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yatate

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A yatate (pronounced yah-tah-teh) is a Japanese portable writing set. The yatate has been around since the Kamakura period (1185-1333). It contains a traditional Japanese bamboo brush and an ink pot filled with cotton or silk which holds liquid sumi ink.

Yatate literally means “arrow stand.”

The Japanese traditional way of writing is with a brush (fude) and ink (sumi). Before the invention of the yatate, whenever anyone wanted to write or draw in ink, he had to make his own ink by grinding the ink stick in water on the grinding stone (suzuri). This method has been used for many centuries, and is still being used today.

Warriors (samurai) often had to write letters and reports from the field, and so carried a small grinding stone in a small drawer at the bottom of their quiver along with the arrows.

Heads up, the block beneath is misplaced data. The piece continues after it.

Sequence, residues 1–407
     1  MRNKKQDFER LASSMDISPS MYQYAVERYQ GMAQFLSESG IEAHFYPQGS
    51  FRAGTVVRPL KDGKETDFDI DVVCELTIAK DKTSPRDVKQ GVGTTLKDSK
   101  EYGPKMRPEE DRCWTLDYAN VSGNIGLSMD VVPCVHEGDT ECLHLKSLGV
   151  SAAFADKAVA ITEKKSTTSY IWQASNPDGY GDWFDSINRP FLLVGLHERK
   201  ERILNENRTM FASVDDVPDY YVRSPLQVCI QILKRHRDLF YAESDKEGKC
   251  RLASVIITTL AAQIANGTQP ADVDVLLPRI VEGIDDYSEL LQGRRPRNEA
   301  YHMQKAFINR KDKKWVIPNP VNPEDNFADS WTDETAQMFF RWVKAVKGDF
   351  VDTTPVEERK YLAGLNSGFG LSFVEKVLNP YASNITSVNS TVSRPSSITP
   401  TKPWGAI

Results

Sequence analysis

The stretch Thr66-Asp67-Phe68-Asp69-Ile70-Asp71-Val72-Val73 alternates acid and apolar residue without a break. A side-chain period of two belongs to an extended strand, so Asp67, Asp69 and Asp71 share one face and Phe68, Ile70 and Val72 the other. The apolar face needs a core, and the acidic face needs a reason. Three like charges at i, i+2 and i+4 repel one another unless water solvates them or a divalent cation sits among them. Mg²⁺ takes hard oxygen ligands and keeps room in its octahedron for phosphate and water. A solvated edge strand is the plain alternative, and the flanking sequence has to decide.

This grinding stone became known as the “yatate no suzuri” (arrow stand’s grinding stone). Eventually it was simply called “yatate.”

It was burdensome to have to pull out the grinding stone, ink stick, and water container every time one needed to write, but in those days before spill-proof containers, carrying liquid sumi ink could lead to disasters, especially on the battle field.

Then sometime during the Kamakura era (1185-1333 ) someone came up with the clever idea of saturating a piece of cotton or silk in liquid ink. This could be carried about in a simple container without any worry of spills.
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